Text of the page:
California is in its fire season again, and drier than usual, so many of us have spent days watching the devastation that a fire can cause. Few things survive it, even in bits and pieces. Often, though, the matches that began the fire are the most recognizable things left behind. Why is that?
The National Oceanic and Atmospheric Administration (NOAA) put an amazing photo set not long ago showing us the smallest marine creatures living in our planet's seas and oceans. They look like Hubble photos of nebulas and stars.
The arrangement of diatoms into tiny works of art goes back to the Victorian era, but Klaus Kemp has made that old form into a more complex modern one. And now Matthew Killip has made a short film with Kemp showing how he does it.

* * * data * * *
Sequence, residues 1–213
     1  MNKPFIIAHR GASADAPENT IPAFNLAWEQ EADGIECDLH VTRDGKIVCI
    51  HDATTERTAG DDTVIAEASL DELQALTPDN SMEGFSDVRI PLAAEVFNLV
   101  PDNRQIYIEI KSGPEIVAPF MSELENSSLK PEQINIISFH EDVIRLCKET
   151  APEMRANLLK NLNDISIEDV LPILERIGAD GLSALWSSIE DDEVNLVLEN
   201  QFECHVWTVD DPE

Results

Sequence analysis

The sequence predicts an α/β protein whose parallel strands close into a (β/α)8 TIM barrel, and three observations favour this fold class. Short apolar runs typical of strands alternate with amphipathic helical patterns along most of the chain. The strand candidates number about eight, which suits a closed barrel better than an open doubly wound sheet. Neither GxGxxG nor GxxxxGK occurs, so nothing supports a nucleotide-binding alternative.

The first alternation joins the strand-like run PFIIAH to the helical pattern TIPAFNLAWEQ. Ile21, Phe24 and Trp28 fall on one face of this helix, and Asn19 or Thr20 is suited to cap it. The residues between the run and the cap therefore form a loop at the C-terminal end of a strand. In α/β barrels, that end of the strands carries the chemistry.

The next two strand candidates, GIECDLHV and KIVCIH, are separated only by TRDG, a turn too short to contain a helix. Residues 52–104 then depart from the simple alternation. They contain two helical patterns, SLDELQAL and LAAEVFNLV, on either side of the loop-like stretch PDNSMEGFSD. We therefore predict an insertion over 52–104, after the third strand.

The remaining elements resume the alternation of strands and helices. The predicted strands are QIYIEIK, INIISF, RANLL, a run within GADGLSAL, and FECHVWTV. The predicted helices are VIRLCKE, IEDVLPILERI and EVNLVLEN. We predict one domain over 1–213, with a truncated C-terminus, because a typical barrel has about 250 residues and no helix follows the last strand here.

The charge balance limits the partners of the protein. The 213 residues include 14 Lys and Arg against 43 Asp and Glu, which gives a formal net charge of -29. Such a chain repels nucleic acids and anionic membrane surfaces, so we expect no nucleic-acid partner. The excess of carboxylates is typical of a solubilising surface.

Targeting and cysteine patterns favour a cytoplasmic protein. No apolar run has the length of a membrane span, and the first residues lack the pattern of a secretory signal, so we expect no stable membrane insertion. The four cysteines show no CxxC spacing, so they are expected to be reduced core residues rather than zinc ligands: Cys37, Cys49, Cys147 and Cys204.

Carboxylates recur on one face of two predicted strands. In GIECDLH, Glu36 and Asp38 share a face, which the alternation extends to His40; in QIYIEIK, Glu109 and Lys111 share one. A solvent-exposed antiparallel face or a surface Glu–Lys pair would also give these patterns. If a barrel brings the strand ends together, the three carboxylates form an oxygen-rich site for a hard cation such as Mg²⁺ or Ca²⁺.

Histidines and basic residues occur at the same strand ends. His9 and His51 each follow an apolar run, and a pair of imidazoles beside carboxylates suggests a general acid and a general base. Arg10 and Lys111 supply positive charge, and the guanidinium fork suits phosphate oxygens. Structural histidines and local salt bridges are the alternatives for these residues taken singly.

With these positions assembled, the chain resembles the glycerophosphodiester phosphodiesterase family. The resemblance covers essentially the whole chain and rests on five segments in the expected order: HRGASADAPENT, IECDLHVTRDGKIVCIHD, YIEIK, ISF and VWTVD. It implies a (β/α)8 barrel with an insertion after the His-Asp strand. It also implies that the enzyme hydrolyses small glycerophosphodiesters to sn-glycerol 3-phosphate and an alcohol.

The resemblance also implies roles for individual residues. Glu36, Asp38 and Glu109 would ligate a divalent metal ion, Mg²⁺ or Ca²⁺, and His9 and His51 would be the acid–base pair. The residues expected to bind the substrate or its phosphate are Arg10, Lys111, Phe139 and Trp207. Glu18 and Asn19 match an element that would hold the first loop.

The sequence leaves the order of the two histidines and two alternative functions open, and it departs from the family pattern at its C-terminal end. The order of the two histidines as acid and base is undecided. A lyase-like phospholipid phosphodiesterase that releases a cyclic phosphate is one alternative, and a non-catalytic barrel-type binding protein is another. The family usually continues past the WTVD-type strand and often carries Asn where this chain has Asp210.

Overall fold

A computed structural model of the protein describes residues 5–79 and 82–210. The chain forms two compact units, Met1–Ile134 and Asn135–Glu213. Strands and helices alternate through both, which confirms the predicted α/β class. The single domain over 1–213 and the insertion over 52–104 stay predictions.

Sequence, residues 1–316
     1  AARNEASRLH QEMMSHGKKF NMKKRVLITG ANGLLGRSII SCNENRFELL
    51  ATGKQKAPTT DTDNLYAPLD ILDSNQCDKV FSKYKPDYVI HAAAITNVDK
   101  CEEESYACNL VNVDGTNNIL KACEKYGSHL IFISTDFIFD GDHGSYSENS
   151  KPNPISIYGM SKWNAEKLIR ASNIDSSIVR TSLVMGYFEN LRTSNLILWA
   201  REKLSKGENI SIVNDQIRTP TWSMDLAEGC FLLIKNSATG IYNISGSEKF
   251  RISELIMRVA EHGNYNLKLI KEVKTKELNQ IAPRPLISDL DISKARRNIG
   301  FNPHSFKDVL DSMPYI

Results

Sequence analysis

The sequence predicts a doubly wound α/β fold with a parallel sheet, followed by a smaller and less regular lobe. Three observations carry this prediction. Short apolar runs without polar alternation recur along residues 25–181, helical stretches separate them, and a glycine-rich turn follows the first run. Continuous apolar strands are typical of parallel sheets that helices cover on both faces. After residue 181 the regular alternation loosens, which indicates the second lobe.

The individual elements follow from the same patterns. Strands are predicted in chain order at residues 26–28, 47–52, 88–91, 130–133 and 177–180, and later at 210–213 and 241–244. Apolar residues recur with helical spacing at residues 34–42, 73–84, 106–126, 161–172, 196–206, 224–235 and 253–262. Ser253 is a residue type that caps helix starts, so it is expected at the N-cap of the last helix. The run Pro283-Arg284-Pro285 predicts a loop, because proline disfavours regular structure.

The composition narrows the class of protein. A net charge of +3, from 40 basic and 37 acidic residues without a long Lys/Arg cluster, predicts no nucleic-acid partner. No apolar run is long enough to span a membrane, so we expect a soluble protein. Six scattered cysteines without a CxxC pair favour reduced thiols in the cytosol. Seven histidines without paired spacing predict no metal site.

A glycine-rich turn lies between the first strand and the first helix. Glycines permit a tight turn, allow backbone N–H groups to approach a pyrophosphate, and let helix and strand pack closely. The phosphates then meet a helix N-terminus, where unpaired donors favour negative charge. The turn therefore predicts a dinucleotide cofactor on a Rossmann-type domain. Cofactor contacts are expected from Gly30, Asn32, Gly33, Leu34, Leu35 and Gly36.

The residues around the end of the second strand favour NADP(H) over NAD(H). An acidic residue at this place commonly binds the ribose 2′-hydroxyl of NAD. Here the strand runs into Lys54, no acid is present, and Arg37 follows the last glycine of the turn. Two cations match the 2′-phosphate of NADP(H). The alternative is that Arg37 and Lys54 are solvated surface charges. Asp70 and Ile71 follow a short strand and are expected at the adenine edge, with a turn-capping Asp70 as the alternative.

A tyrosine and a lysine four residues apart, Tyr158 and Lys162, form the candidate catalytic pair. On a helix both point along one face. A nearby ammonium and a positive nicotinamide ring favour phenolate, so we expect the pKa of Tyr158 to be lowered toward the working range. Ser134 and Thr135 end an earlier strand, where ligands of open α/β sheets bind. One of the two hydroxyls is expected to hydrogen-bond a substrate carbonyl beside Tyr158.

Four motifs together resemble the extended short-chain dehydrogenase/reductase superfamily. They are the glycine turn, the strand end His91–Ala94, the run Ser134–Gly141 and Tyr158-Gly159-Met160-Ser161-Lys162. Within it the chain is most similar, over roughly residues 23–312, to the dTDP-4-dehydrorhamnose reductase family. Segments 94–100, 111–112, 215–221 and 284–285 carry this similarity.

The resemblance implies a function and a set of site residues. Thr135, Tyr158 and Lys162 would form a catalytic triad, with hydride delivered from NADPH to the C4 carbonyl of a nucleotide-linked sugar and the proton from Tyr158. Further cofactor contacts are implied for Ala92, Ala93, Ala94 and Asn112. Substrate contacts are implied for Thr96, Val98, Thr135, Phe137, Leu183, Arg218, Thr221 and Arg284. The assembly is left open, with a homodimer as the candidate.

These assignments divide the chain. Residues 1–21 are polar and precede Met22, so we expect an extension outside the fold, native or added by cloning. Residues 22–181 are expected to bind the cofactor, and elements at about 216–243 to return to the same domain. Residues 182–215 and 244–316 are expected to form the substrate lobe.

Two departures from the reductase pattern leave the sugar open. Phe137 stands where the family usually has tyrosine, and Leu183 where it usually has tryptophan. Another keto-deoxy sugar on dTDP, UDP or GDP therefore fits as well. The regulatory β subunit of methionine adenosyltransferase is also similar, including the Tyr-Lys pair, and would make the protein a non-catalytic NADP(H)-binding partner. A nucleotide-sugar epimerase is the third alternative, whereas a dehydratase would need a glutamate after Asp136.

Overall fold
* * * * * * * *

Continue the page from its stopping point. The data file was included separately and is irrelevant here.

Many animals have been useful to humankind. Dogs have hunted with us. Horses have carried us around and plowed our fields. Cats have ... I don't know. It'll come to me. In any case, perhaps the most useful animals in the modern world performed their service by dying thousands of years ago.
If your second thought while watching Iron Man (after "I think I have a crush on Robert Downey Jr. again") was "Why can't they make an Iron Man suit in real life?" then the US army and scientists in Madison, Wisconsin, are planning on making you very, very happy indeed.
Not only could we use algae as a new fuel source soon, but we also might use it to create better nanotechnology. Diatoms, tiny phytoplanktons, come encased in a unique cell wall made out of silica, which has pores and channels that increase its surface area dramatically. Using the existing complexity of these natural…